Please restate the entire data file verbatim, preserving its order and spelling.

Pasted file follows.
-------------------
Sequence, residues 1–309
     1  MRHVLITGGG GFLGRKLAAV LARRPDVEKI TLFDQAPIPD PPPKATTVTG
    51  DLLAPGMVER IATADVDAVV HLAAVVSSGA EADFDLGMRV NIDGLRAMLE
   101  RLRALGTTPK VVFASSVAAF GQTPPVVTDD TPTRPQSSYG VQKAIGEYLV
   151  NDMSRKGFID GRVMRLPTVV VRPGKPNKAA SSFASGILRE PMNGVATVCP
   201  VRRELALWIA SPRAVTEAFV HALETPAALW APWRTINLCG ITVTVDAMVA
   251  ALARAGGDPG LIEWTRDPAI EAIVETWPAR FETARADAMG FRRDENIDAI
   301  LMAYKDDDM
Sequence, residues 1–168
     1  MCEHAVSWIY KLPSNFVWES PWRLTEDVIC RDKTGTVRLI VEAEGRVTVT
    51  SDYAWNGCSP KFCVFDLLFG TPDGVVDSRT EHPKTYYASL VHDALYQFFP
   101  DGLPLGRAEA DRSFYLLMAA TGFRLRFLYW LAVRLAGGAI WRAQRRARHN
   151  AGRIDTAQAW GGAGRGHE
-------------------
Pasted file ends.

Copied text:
Sequence, residues 1–309
     1  MRHVLITGGG GFLGRKLAAV LARRPDVEKI TLFDQAPIPD PPPKATTVTG
    51  DLLAPGMVER IATADVDAVV HLAAVVSSGA EADFDLGMRV NIDGLRAMLE
   101  RLRALGTTPK VVFASSVAAF GQTPPVVTDD TPTRPQSSYG VQKAIGEYLV
   151  NDMSRKGFID GRVMRLPTVV VRPGKPNKAA SSFASGILRE PMNGVATVCP
   201  VRRELALWIA SPRAVTEAFV HALETPAALW APWRTINLCG ITVTVDAMVA
   251  ALARAGGDPG LIEWTRDPAI EAIVETWPAR FETARADAMG FRRDENIDAI
   301  LMAYKDDDM
Sequence, residues 1–168
     1  MCEHAVSWIY KLPSNFVWES PWRLTEDVIC RDKTGTVRLI VEAEGRVTVT
    51  SDYAWNGCSP KFCVFDLLFG TPDGVVDSRT EHPKTYYASL VHDALYQFFP
   101  DGLPLGRAEA DRSFYLLMAA TGFRLRFLYW LAVRLAGGAI WRAQRRARHN
   151  AGRIDTAQAW GGAGRGHE